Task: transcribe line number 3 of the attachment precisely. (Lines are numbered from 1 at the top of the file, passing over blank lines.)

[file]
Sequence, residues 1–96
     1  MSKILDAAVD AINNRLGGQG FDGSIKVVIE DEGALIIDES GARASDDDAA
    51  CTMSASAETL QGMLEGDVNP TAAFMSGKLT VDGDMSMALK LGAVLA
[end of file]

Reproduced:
    51  CTMSASAETL QGMLEGDVNP TAAFMSGKLT VDGDMSMALK LGAVLA